So, once you get the hang of Count to a Billion, what happens next? Like a legion of older arcade classics, the game’s main goal is centered on high score. However, the game also makes great use of a phenominon that has really taken off in console gaming over the last decade- achievements.
In Count to a Billion, they are referred to as Challenges, and there are 61 of them to be conquered along the way. The list of Challenges can be accessed from the Lightning Bolt icon in the middle of the main screen.
Like any game that centers on high scores and achievements, what’s the point if you can’t brag about it? Count to a Billion fills this need in a variety of ways.
First of all, you can remind yourself and others of your scoring prowess right from the game’s main screen, which displays your Best Ever, Total, and Average scores in large font. You can also see your current level displayed at the bottom of the screen.
Count to a Billion, like so many other promonant iOS games, also includes Game Center support. This can be accessed fromm the Game Center app, or directly from the main screen. All of your score and Challenge achievements are stored there, as well, so you can battle it out with your friends over who has the fastest fingers.
Count to a Billion also includes a couple of very cool features to help you look back on great performances. These appear on your game summary screen, along with your score and any Challenge Awards earned during that run.
First off, there is a button to Post on Facebook. You know, not everyone is signed up for Game Center, or pays attention to it even if they are, so why not let everybody know how many billion points you have piled up where they will actually see it?
Second, there is an Instant Replay feature where you can replay an awesome round for yourself or others on your device as soon as you’re done with it.
If your REALLY want to brag, thanks to the fact that Instant Replay feature uses Apple’s stock video player, you can AirPlay your round right to your tv through an Apple TV.
Last, but by far the coolest way Count to a Billion gives you to brag on yourself, is the ability to post your replay directly to YouTube. Powered by Kamcord’s video capture technology, the feature works smoothly and preserves not only your best scores, but every aspect of your best rounds. Plenty of iOS titles include Facebook and Game Center support, but YouTube integration isn’t something you see everyday, and is such a perfect fit with this type of game.
Since pictures can only do a game like Count to a Billion so much justice, check out the YouTube video below for a look at one of my better games.
Another feature to consider about Count to a Billion is that, while it isn’t a universal app, it does work on the iPad (Update: I have been informed that full iPad compatibility is on the way in an update). I gave it a try, and it is a much different experience on the bigger screen.
At first, I though it might give me a little bit of an edge, but that wasn’t always the case. The Masher Widgets are easier, by and large, but if anything, the Sequentials are a little more difficult due to the longer distance that your fingers have to move to get to all of the buttons. The Sliders are actually noticeably more difficult, or at least more work, thanks to the increased size. So, Count to a Billion isn’t necessarily easier or harder on the iPad. it just plays a lot differently on the bigger screen. Still, it’s nice to know that playing Count to a Billion on the iPad is a viable option.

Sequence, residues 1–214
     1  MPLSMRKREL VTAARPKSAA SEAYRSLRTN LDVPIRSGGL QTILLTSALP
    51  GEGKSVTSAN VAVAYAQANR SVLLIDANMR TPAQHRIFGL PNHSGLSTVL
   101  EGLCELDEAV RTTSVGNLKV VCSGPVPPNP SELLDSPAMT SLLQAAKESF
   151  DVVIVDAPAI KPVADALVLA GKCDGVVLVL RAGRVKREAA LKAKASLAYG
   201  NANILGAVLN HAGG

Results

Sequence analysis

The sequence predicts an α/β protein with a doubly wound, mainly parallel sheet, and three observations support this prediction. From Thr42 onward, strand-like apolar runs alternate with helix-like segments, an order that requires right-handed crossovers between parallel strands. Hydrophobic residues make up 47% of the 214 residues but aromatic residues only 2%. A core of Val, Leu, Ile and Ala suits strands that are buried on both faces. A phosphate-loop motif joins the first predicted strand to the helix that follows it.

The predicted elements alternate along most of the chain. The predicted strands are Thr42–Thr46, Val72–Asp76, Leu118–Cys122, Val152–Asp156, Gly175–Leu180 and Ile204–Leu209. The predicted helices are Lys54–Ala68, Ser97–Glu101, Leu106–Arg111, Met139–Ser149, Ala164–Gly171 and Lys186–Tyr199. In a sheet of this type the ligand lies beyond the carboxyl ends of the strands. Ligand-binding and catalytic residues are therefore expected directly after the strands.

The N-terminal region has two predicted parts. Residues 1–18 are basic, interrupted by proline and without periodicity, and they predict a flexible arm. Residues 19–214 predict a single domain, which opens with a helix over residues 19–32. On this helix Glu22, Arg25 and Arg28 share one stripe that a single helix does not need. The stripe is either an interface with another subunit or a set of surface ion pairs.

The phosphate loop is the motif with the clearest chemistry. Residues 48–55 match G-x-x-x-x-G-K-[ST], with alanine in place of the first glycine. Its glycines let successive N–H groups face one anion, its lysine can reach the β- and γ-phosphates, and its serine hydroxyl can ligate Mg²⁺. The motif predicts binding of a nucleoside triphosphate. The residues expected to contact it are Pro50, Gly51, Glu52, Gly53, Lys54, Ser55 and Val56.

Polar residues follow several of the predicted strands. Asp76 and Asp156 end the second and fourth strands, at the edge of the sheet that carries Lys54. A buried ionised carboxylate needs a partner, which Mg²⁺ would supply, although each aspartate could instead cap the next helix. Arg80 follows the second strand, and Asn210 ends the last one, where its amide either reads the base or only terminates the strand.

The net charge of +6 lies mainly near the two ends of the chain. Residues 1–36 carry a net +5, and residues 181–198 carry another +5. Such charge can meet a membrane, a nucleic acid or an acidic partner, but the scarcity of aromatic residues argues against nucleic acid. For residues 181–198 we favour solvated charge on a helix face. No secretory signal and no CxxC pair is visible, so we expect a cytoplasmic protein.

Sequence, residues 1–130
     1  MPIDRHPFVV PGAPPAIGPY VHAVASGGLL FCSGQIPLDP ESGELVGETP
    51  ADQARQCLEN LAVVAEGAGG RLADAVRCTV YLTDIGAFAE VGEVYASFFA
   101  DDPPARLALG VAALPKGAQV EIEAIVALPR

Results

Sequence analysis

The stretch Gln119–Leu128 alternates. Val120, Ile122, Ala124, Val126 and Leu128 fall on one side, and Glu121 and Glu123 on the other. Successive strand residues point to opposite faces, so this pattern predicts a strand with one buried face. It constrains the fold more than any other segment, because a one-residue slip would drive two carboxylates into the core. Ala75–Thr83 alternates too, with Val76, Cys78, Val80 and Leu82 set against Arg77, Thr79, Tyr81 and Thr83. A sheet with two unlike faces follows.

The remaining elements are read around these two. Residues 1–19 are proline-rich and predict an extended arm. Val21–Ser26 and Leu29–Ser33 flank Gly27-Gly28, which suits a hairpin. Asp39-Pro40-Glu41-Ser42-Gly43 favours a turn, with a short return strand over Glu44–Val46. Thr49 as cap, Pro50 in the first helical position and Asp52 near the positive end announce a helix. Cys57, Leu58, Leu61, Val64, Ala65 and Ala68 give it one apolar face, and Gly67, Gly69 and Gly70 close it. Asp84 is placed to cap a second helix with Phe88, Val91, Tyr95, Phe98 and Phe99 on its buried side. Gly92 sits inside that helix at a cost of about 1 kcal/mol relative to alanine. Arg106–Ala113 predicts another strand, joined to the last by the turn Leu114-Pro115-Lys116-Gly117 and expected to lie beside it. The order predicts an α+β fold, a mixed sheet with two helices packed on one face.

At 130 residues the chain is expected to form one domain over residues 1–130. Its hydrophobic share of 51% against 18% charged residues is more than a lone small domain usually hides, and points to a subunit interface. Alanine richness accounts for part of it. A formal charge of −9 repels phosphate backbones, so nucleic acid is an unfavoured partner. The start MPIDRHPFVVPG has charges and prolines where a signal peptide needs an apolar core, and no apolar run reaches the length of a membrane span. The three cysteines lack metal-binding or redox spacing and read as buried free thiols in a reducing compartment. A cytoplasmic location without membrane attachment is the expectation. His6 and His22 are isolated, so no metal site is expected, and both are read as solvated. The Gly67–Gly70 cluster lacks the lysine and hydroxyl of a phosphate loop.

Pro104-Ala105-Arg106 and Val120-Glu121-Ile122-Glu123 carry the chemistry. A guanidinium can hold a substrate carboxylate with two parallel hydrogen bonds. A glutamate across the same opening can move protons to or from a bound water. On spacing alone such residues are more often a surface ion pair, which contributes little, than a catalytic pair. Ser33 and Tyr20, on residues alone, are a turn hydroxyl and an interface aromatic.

Another thing to be aware of if you choose to play on the iPad is that it will be much more difficult if you have the Multitasking Gestures feature enabled. For example, I tend to use all 8 of my fingers on the screen at once for the bonus screen with cascading Masher Widgets so I can get to as many of those falling buttons as possible.
This works great on the iPhone, but doing it triggered the Fast App Switcher and also registered as a four finger swipe, and moved me completely out of the game and into other apps on several occasions. This only occured on a couple of screens in Count to a Billion, but it was a real momentum killer. If you are going to play on the iPad, I would definitely suggest that you turn Multitasking Gestures off first.
I am always downloading different games for my iPhone and iPad, whether they are ones I am already interested in, or I just see that they are on sale. I am a big fan of sports games, especially those that involve strategy. I also like racing games, the occasional real time or turn by turn strategy games, as well as some platformers and action games. Count to a Billion might not have initially caught my eye due to my gaming interests, but thankfully, I was familiar with the same developers (not the same company, exactly, but there is a lot of crossover between the two) from the Wake N Shake alarm clock app that I reviewed a few months back. I knew these guys did solid work, and that this game would be worth a good look. After trying it out and playing it for a while now in both beta and release form, I’m really glad that I did this review.
As I said at the outset, most of my gaming these days is done on my iPad. The games I prefer on my iPhone are titles that are well suited to the small screen that are easy to pick up and play when I have a few spare minutes. Along with Plague, Inc and New Star Soccer, Count to a Billion has become one of the few go-to games on my iPhone. If you aren’t familiar with these other two titles, rest assured that this is top notch company, and Count to a Billion is every bit their equals. It has fast, additctive gameplay, offers plenty of challenges to keep you interested over time, and fun social elements that allow you to share the experience with your friends.
Count to a Billion is, quite honestly, the best designed and thought-out game that I have played in a while. It is a totally unique expeirience in a iOS App Store full of me-too titles, which is a phenominal feat to pull off. At $0.99, it is a steal, and I can’t recommend it enough. Everyone should have this in their library. Even if action or “button masher” games aren’t typically your thing, you should give this one a shot. You won’t regret it.
Count to a Billion from RAWR! Interactive is available for $0.99 on the App Store.
Count to a Billion was provided by RAWR! Interactivefor review on iSource. For further information regarding our site’s review policies, please see the “About” page.